Ola Founder’s Krutrim Emerges as India’s First AI Unicorn: Bhavish Aggarwal, co-founder of Ola, has announced that his artificial intelligence business Krutrim has raised $1 billion in funding. The business made the bold claim in a press statement that it became the fastest unicorn in India after being created last year. Claiming to be the first Indian AI startup to achieve unicorn status, it made history.
In Krutrim, the $50 million “first round” was led by Matrix Partners India, which had previously supported Ola, Aggarwal’s ride-hailing platform, and Ola Electric, his electric vehicle business. A year ago, TechCrunch said that Aggarwal was negotiating a $50 million fundraising round for his artificial intelligence startup.
The Sanskrit word for “artificial” is Krutrim, and it’s being used to develop a massive language model that has been trained on English and local Indian languages. The company has announced its intention to introduce a conversational AI assistant that can understand and speak many Indian languages using voice commands.
Next month, it will release an alpha version of its namesake chatbot to the public, and then it will roll out application programming interfaces to businesses and developers. Krutrim also intends to build an in-house capability to produce AI-optimized computing circuits, according to its website. According to an earlier report by TechCrunch, Aggarwal’s new firm will focus on semiconductor development and design.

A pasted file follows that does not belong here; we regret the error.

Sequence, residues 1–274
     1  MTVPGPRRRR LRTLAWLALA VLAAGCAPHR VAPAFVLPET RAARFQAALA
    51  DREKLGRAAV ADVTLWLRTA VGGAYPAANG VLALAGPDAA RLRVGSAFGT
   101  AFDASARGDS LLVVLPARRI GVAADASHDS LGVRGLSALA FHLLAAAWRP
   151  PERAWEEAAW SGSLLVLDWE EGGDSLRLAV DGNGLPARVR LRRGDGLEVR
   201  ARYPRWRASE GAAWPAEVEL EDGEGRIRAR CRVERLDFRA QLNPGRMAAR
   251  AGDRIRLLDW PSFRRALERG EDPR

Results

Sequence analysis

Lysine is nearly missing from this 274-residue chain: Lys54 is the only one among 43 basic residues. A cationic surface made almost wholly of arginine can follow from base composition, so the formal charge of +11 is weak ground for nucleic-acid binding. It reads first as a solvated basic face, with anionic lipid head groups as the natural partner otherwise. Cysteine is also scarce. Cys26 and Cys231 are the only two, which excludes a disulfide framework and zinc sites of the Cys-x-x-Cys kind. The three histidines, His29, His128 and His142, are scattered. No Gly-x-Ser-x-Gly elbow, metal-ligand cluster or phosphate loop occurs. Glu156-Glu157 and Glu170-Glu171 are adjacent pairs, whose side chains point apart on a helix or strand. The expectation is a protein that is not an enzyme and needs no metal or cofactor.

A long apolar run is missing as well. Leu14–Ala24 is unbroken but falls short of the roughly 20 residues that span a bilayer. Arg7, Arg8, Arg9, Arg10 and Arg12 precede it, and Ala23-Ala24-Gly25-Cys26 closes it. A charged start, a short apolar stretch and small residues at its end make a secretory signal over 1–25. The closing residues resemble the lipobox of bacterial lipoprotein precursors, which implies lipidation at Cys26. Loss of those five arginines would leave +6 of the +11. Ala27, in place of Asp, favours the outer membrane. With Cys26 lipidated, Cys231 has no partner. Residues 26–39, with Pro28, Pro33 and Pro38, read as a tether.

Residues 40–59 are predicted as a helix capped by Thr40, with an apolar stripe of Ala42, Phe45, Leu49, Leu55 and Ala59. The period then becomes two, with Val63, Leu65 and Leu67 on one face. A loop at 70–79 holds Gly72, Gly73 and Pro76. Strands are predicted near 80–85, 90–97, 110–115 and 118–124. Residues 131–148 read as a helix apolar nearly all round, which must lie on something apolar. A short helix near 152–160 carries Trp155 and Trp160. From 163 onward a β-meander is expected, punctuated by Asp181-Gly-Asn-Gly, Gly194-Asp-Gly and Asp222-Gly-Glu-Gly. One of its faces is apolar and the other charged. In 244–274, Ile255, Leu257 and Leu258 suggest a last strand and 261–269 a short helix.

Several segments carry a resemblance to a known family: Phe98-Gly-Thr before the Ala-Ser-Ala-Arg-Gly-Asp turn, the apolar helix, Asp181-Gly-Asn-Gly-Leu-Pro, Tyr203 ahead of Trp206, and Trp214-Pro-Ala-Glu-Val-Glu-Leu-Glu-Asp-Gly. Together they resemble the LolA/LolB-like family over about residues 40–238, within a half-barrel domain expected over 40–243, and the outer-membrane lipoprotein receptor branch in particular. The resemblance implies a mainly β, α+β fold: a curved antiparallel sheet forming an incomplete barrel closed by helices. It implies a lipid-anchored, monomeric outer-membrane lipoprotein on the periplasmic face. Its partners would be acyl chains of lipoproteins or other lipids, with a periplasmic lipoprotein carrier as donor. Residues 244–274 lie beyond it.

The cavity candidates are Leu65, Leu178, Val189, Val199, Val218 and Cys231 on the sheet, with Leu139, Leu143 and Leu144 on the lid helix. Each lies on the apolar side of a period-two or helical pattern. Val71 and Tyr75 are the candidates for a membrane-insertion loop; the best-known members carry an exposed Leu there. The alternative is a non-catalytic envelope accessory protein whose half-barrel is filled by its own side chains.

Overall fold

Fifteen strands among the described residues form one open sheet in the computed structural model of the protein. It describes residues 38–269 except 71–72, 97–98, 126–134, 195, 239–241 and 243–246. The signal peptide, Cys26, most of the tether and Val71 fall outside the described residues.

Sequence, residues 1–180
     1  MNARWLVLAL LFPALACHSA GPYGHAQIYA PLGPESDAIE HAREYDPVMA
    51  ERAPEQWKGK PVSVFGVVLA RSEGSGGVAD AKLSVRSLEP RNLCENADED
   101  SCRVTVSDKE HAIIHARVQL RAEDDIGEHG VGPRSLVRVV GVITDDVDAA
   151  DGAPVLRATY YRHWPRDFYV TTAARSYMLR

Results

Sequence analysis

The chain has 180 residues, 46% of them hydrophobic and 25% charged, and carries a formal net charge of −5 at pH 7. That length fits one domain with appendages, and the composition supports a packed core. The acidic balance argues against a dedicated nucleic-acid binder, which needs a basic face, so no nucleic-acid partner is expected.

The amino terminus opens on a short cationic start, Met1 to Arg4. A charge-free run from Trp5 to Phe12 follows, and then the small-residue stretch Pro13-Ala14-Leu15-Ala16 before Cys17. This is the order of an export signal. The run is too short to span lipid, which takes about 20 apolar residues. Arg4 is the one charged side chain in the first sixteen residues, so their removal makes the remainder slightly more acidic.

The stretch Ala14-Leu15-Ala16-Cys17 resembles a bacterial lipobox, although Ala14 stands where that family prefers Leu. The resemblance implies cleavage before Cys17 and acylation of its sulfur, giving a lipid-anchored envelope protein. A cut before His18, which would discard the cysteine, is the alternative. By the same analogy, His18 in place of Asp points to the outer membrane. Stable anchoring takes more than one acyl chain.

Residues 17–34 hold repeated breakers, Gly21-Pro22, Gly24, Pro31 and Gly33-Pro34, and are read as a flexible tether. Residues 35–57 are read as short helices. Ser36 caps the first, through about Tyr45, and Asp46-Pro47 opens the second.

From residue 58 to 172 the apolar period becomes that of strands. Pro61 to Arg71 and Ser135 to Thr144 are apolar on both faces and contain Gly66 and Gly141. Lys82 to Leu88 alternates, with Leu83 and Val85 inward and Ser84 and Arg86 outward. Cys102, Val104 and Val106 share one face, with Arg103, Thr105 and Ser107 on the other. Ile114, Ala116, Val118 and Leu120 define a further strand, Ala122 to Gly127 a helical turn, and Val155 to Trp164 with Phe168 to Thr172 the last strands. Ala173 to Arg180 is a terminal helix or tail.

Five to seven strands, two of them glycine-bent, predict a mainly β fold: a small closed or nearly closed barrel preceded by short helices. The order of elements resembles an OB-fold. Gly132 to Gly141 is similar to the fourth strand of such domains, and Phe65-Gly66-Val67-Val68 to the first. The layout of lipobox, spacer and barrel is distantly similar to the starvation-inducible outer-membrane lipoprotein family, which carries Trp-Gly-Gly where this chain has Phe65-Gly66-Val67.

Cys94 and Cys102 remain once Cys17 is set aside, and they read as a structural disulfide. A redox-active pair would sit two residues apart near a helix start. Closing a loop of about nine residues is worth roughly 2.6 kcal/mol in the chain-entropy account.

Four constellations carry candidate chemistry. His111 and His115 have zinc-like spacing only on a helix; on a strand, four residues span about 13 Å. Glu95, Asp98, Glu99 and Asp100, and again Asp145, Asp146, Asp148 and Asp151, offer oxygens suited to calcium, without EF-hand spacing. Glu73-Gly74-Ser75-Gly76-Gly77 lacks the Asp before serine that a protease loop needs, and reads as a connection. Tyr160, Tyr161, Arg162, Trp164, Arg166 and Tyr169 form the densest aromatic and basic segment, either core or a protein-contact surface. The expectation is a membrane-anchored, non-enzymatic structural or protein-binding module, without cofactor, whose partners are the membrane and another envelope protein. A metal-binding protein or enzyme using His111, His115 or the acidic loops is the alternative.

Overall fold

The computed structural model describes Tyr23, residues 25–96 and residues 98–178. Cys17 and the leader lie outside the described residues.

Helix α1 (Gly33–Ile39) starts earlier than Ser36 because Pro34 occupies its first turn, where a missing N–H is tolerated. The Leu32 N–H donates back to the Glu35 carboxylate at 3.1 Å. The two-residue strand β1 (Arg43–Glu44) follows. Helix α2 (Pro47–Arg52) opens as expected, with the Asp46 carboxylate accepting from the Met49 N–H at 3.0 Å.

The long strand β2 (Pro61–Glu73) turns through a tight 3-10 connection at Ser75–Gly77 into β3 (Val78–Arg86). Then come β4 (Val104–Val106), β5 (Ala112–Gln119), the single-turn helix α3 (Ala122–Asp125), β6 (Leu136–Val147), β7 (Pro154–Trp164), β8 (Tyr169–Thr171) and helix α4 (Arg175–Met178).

The third initiative for Aggarwal is Krutrim. He is targeting profitability with his first venture, Ola, which dominates the Indian ride-hailing business. Recently, Ola Electric, the market leader in India for electric two-wheelers, completed the necessary papers for an initial public offering (IPO) valued at $662 million.
“India must develop its own artificial intelligence system, and here at कृत्रिम, we are entirely dedicated to creating the first comprehensive AI computing stack for the nation,” stated Aggarwal. “We are elated to share the news that our first funding round has been closed. This not only confirms the potential of कॼत्रर’s cutting-edge AI solutions, but it also shows that investors believe in our capacity to make a difference globally from India.”
Investors around the world are swarming to find and support AI breakthroughs, like Krutrim, on the theory that these developments will streamline innumerable industries and that the most innovative firms will provide returns that will last generations.
Despite having one of the biggest startup ecosystems in the world, India has failed to make a significant mark in the artificial intelligence race. Big names in language models like OpenAI’s ChatGPT, Anthropic (supported by Amazon), and Bard (developed by Google) have not yet emerged from India to pose a serious threat.
In September, Indian conglomerate Reliance and computer graphics giant Nvidia announced their intention to construct a massive language model based on the many languages spoken in India. But the company, headed by the wealthiest man in Asia, Mukesh Ambani, has not yet released its artificial intelligence product.
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